The new four-pot motor uses the same twin-scroll turbo technology lifted from the larger N55 3.0-litre engine. Peak power is rated at 178kW at 5,000 rpm, and max torque is rated at a healthy 352Nm and is delivered at just 1,250 rpm. Naturally the advantage of switching to a smaller-displacement, turbocharged, direct-injected engine, is fuel economy so expect the cars that use this engine to go much further on a tank than the current six-cylinder models.

BMW hasn’t revealed yet exactly which models will be receiving the new 2.0-litre turbo engine. However the German automaker has given in clue in saying that the 4-cylinder offers more power and torque than the current naturally aspirated 3.0-litre inline-six engine. So don’t be surprised to see the new motor in models that previously have a 28i or 30i at the end of the name. Some earlier reports suggested that the Z4 sDrive30i will now use four-cylinder power, and both the 1 and 3 Series, as well as X1, also look likely to get the turbo-four treatment.

Nissan Qashqai +2 2010 Review

October 22nd, 2010 by Darren Cottingham

It’s always nice to have a little bit more. Like chocolate bars that come in ‘king size’ allowing that all-important extra bite. Or that mini-series on TV that begins with a double episode. Whatever way you look at it, a good thing is only really bettered by more of a good thing. With that in mind Nissan has taken its current good thing, the big-selling Qashqai and given it just a little bit more size. The enlarged Qashqai +2 now has the space for a third row of seating, allowing two more passengers and boosting total potential capacity to seven occupants. While the Qashqai was a gamble at the start being billed as a modern alternative to the traditional hatchback it was a risk that paid off handsomely, with more than 500,000 sales globally. Then it was facelifted for 2010 and has since been well received again. But is this larger +2 model a step too far? Car and SUV spent some time with the part crossover, part people mover to get the answers.

At first glance it’s difficult to distinguish the Qashqai +2 from its standard sibling, but look closer and its dimensions are clearly chunkier. The +2 is 211mm longer to allow for the extra seat and the wheelbase has increased by 135mm. Additionally the body is taller with a flatter roofline allowing for better headroom throughout and there’s a handy 55-litres of extra cargo space.  In terms of exterior design the +2 differs little from the standard model and benefits from the smoother look brought with the recent mid-cycle facelift. Raked headlights at the front and LED two-piece fittings at the rear help give the Qashqai a distinctive look but the standard 16-inch alloys struggle to fill the raised guards. The larger Qashqai boasts some practical features like integrated roof rails, tough black plastic mouldings all round, and longer rear doors than the standard model to help entry and exit from that third row of seats.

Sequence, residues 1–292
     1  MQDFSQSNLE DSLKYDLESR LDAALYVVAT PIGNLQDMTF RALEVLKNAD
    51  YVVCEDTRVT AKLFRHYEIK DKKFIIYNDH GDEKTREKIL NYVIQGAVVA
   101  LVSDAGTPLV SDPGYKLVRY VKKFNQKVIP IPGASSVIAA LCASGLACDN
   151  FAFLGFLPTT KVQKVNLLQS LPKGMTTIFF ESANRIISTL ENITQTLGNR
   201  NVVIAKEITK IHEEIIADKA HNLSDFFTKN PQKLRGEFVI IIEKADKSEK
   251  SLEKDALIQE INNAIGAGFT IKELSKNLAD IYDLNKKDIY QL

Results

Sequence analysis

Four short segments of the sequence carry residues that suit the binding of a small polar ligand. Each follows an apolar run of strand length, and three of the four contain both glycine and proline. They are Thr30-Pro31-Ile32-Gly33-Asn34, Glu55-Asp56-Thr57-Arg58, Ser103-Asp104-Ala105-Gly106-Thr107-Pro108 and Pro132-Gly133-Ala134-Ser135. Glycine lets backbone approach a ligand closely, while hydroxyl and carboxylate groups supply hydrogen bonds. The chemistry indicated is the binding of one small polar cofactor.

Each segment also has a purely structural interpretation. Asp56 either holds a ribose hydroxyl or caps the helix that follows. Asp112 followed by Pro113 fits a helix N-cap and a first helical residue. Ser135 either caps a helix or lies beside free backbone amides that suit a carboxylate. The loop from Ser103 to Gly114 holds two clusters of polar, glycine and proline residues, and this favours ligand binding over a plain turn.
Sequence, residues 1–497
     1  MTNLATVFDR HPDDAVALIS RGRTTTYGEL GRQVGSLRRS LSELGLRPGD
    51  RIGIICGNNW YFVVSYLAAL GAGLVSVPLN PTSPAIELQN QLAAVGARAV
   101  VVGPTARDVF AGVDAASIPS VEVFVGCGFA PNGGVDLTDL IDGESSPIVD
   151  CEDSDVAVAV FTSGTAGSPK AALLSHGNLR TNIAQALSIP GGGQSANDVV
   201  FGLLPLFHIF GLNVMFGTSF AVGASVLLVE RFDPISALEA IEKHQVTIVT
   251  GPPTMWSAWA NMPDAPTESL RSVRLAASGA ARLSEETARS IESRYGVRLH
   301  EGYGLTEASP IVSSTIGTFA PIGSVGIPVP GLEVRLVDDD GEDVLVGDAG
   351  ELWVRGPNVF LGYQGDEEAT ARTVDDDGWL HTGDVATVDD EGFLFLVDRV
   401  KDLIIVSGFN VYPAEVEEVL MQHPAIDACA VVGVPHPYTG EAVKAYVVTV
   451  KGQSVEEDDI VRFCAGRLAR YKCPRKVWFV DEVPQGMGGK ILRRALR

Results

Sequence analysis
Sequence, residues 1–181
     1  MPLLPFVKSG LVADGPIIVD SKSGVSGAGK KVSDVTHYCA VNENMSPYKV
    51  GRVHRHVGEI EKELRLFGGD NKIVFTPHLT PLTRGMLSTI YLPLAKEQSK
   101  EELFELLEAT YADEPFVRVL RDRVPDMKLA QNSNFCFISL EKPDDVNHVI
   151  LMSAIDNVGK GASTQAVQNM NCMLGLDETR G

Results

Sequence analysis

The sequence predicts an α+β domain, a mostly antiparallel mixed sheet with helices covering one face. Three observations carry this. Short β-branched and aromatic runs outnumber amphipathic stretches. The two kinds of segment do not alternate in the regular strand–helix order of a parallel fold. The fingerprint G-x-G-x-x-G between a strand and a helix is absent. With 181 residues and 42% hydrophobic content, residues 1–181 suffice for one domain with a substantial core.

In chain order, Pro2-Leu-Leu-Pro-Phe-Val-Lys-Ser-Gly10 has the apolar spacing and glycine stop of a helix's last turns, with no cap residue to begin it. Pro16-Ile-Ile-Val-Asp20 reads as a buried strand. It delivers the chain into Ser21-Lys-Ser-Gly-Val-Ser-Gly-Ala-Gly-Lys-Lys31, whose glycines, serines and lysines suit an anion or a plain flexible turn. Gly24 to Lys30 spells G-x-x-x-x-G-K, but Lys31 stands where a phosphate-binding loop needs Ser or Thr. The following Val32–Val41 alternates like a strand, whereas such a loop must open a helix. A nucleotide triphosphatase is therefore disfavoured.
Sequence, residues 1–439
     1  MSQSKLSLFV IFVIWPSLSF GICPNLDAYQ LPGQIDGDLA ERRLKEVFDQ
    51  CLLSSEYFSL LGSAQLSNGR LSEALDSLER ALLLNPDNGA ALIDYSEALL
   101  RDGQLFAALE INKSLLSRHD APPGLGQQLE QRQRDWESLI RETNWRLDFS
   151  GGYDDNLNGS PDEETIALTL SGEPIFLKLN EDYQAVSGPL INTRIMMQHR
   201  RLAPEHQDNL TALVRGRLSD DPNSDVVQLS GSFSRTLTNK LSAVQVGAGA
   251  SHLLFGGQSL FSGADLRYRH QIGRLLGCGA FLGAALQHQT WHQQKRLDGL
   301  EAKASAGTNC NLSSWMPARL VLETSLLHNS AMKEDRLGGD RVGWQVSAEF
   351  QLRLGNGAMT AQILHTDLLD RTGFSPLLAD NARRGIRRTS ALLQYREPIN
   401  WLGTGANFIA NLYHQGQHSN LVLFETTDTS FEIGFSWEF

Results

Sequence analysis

Continue reading “Nissan Qashqai +2 2010 Review” »

Mitsubishi Outlander LS 2010 Review

September 17th, 2010 by Darren Cottingham

Sharp styling is always nice, and strong performance can be exciting, but nothing speaks to new car buyers as loudly as price. The Korean carmakers have known this for decades and now Mitsubishi has cottoned on and released a new entry-level model in its very successful Outlander range. Like buying ‘home brand’ at the supermarket the Outlander LS forgoes some of the fancy packaging to chase down a more attractive price – $37,990. That’s a tempting sum to swap for NZ’s best selling medium SUV especially coming with Mitsubishi’s 5-year/10-year warranty.  But in achieving this price what concessions have been made on this brazen base-model? Car and SUV opened the packet on the Outlander LS to take a closer look at the contents within.

Visually the LS, like all Outlanders has a more traditional boxy SUV shape when compared to the highly curved new-school SUVs like the Hyundai ix35 and the Mazda CX-7. Classic good looks aside, it’s only under close inspection that the LS differs from its more expensive siblings. Mitsubishi’s ‘jet fighter’ grille, first used on the Lancer then on the facelifted Outlander range, hasn’t filtered down to the LS model. While this leaves it a facelift behind other Outlanders the overall styling on the LS is modern and gives it genuine presence. Tough black plastic mouldings protect the underside and it rolls on 16″ steel wheels with silver covers. Overall, it’s a smart looking machine with its high beltline, tinted rear glass and subtle chrome touches.  With the exception of the steel wheels there is nothing about the Outlander LS that really screams ‘base model’.

Continue reading “Mitsubishi Outlander LS 2010 Review” »